Last week Srajan Ebaen penned his first piece for DAR. The focus: those components that KIH (“Keep it honest”). A response to Ebaen’s call means my own turn in the confession box. Forgive me Father for I have grinned…
Digital. Pretty much every DAC made by Audio-gd falls under the KIH umbrella, especially their R2R models. Who else sells a top shelf PCM1704 implementation (that packs separate power supplies for digital and analogue stages) for less than US$2200?
It used to be that King Wa also ruled the ~$500 roost with his NFB-2/.1/.32 Wolfson designs but Schiit’s hotted-rodded Bifrost with über output stage and second generation USB code sees the gents from California pipping him to the post for KIH-coding in the budget space.
Note: Audio-gd and Schiit are two manufacturers who don’t simply drop an off-the-shelf USB solution into their DACs and have their marketing guys sing about asynchronous this and galvanically isolated that. These Chinese and American recipes each contain homebrewed sauce that’s far from half-baked.
Moving upfield slightly, it’s hard to ignore the raves still encircling Cees Rujtenberg’s two-box Metrum Octave (which has since been superseded by his uni-box MK2). I didn’t formally review the original but I was one of the many hundreds of Australian audiophiles to direct-import sight-unseen prior to Rujtenberg appointing a distributor down under. Here are three reasons why it’s a benchmark that calls more expensive competition to account.: fluidity, sparkle and dynamics
The Octave’s S/PDIF inputs are super-sensitive to transport jitter and computer noise. Face it: your MacMini or Sony Vaio notebook weren’t optimised for electrical tranquillity. The absence of a USB input on the Metrum doubles down on the need for an intervening USB-S/PDIF converter. Philip Gruebel’s Audiophilleo2 wasn’t the first on the scene but it was the first to make the biggest arrest. His grey box nets a whole lot of improvement, Metrum DAC or not. Touchdown! That it also runs free of S/PDIF cable requirements kicks the conversion. Nowadays, the PurePower + AP2 provides a sound that runs scarily close to Sonicweld’s 24/96 Diverter.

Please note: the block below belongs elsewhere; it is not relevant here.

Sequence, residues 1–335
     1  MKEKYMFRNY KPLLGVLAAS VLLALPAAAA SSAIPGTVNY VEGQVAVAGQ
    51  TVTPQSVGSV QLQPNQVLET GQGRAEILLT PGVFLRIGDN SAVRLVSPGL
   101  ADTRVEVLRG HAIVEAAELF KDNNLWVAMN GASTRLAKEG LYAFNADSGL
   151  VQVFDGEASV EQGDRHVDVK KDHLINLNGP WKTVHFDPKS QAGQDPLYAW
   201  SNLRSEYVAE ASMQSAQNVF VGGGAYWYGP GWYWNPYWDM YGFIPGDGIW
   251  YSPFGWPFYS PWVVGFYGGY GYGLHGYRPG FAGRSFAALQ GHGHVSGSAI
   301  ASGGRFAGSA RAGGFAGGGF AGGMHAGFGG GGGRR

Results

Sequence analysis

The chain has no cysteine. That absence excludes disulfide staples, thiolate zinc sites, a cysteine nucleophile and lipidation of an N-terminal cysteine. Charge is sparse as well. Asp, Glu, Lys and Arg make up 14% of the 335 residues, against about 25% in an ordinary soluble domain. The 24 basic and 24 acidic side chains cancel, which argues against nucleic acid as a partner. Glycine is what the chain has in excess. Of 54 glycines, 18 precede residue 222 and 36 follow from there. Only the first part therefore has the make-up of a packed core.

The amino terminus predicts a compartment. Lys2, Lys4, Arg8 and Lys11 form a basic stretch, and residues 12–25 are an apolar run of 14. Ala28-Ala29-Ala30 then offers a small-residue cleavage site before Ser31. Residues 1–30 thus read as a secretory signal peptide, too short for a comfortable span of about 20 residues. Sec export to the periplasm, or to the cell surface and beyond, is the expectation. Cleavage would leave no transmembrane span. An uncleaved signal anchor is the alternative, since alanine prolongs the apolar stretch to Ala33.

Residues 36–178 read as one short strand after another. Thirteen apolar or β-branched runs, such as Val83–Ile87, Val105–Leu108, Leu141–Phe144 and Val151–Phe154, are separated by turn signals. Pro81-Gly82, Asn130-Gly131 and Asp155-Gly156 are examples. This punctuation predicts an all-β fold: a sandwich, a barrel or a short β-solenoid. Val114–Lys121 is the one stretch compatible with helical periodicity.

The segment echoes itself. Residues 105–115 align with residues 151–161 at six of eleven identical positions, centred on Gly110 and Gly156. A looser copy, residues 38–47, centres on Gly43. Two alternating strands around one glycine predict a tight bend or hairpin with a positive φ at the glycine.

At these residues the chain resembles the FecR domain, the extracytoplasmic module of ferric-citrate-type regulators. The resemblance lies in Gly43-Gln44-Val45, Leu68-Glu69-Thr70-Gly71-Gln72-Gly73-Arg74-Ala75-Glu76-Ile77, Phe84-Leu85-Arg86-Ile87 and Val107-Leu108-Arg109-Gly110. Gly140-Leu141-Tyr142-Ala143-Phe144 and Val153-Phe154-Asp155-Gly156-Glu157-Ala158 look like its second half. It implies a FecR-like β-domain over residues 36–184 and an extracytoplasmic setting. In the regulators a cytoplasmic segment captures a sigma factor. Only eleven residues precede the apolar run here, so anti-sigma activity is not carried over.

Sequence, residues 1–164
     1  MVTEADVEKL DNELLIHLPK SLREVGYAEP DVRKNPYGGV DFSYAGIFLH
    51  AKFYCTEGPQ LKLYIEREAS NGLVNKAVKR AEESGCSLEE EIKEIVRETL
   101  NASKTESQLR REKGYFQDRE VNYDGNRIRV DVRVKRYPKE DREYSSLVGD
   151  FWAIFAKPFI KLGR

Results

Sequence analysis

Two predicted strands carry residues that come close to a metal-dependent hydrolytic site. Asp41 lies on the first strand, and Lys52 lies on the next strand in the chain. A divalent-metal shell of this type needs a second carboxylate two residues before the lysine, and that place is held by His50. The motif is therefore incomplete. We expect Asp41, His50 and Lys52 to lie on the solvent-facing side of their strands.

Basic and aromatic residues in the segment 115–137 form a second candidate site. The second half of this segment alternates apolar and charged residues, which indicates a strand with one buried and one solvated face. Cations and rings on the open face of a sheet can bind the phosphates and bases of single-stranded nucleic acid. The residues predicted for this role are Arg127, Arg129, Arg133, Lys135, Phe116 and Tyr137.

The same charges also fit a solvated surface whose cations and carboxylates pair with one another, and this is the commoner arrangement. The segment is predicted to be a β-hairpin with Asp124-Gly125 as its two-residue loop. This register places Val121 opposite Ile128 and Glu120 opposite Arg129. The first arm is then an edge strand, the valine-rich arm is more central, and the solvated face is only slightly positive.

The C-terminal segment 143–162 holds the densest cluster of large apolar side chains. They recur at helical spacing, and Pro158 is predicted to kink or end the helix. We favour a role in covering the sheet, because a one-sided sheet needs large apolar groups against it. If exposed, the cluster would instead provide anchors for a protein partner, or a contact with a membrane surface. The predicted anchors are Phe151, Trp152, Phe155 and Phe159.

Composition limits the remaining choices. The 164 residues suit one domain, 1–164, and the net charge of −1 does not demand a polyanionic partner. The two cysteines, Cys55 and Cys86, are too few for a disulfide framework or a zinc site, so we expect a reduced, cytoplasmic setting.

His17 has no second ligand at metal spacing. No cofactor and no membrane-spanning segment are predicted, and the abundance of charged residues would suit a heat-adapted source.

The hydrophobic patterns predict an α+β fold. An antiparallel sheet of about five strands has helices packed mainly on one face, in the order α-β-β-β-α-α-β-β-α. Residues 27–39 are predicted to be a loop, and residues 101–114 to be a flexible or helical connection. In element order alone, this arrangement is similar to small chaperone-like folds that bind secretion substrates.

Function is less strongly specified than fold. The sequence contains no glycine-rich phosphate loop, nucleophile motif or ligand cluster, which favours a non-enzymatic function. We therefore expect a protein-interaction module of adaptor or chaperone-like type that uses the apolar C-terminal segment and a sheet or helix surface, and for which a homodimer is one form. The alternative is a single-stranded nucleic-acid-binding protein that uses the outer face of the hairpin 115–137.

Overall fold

Loudspeakers. There used to be a simple aural reset mechanism ‘round these parts: unboxing the Usher S-520 and lassoing them to a reasonably powerful amplifier was re-grounding enough; from there I’d pitch a ladder to higher floors. With his design for Pioneer, TAD’s Andrew Jones has spannered those works. The SP-BS22-LR means we can see stars from the gutter. Isn’t that the best place? These US$120 standmounts see the opportunity cost of ATC/Spendor/ProAc ownership burn with much greater intensity.
Wendell Diller knows a thing or two about keeping both feet on terra firma. His entry-level package – the US$1199 Magnepan Super MMG – stands alone as this reviewer’s sole source of KIH-ning when dealing with the rival loudspeakers selling between one and two grand. Off-axis listening might be compromised but that’s small sacrifice when compared to the coherence and speed one picks up in the compromise trade-off. The Super MMG out and out shame similarly-priced box speakers. Be warned: choose your amp carefully. If it costs more than the speakers themselves it’s because the Magnepans are a budget slam-dunk.
With amplification I’ve found progression from upping the dollars to be reasonably uniform. However, there are a few units that got burnt into my memory cells.
I seriously dig Vinnie Rossi’s battery-powered furrow. His Signature 15 ladles in the tone and texture but only if you’ve reasonably efficient speakers playing along. That kind of caveat means we’ve got our KIH in the door but the lock won’t quite turn all the way. It’s 99% honest.
Same-same with the Wadia Digital 151PowerDACMini. It stands out for its flexibility, grunt and sparkle; remember how it drove those Magnepan MMG just nicely? Until recently it would’ve been a shoe-in for KIH status but NAD’s similarly PCM→PWM converting D 3020 is cheaper AND packs analogue input + headphone output. The NAD’s not quite as refined as the Wadia – it lacks a little finesse and delicacy – but at US$599 such complaints evaporate quickly.
The best go-anywhere, do-anything all-rounder would be Wyred4Sound’s mINT. Enough juice on tap to power nearly any loudspeaker. Enough connectivity to allow digital, vinyl and HT to come together as one. I implore you to read the review for the full lowdown.
Oh yeah: headphones. I’ve yet to get my paws on the Alpha Dogs but Mr Speakers (Dan Clark to you and I) is certainly shaking things up at the high end of headphone town. Cost no object ‘best’ might still come from the houses of Aude’ze (LCD-2/3/X/XC) and Beyerdynamic (T1) but if Clark’s Alpha maintains the barking bargain status of his Mad Dog (which I do own), then Ebaen’s already on the money. Or, rather, he’s pegged the lack of it required to get within butt-sniffing distance of the aforelisted top dogs. The Mad Dog easily dispatched the AKG K-702 from my $300 scene: warmer, wetter, richer. Almost diametrically opposed to the AKG’s starchiness. And don’t even talk to me about comfort levels – Mr Speakers wants to give you a hug whereas the AKG want to teach you a lesson about easy living…the hard way.